Outsider art: Last Friday night, I attended a fantastic photography show and auction at the Atlanta Photography Group gallery in Buckhead's Tula Art Center. The auction was benefiting the Our Voices project at the Peachtree-Pine Photography, which gives the homeless and underhoused people at downtown's Peachtree-Pine shelter the chance to express themselves by teaching them basic black-and-white photography techniques. Of the Our Voices works on display, the most moving to me were two photos by Brian Studdard. One was a self-portrait of a torso and legs, taken while lying in a bed. The other, a shot of the Bank of America building as viewed from a cold room through an old window. The photos conveyed both loneliness and a strong desire to escape loneliness by seeking out little snippets of beauty and fun.
Entertainment at the opening was officially provided by a two-person group called the Selmanaires, and unofficially by a candy-red-haired man named Johnny D'Farmer. D'Farmer handed out fliers for an Internet petition asking to change the airport's name from Hartsfield-Jackson to Gandhi, King, Carter International Airport. He also discussed, at great length, how the Big Chicken in Marietta is actually a monument paying tribute to a living, 55-foot chicken named Dulcinea. According to D'Farmer, Dulcinea helps people cultivate courage. "There's nothing more important than cultivating and excelling in COURAGE, because if we can grow in this one important area, then we will also grow in every other important area!"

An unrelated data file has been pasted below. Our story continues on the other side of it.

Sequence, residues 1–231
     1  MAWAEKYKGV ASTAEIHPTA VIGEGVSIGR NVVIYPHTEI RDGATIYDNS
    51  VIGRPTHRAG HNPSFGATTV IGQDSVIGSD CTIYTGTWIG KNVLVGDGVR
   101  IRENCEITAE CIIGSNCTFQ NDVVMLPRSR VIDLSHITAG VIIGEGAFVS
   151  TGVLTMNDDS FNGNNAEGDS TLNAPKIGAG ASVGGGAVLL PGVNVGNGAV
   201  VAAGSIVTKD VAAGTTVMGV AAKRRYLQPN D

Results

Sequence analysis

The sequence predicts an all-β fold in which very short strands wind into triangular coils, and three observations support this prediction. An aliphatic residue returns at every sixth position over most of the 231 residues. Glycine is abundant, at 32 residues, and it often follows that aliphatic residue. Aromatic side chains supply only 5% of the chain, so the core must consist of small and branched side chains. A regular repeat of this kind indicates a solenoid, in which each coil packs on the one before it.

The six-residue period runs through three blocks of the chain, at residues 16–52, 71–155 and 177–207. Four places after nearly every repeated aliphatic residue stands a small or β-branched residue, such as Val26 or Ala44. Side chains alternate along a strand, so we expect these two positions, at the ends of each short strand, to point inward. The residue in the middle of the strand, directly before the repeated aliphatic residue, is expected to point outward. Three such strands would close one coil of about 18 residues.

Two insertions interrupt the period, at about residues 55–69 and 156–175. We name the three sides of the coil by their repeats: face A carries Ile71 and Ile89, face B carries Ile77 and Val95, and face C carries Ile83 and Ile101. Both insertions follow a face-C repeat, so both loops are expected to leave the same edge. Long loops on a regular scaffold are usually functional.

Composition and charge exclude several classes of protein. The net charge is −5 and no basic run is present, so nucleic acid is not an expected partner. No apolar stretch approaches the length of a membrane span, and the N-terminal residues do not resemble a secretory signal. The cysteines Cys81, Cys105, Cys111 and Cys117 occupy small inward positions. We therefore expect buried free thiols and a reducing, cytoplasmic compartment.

For more on Dulcinea, the 55-foot chicken, visit www.andy2000.org.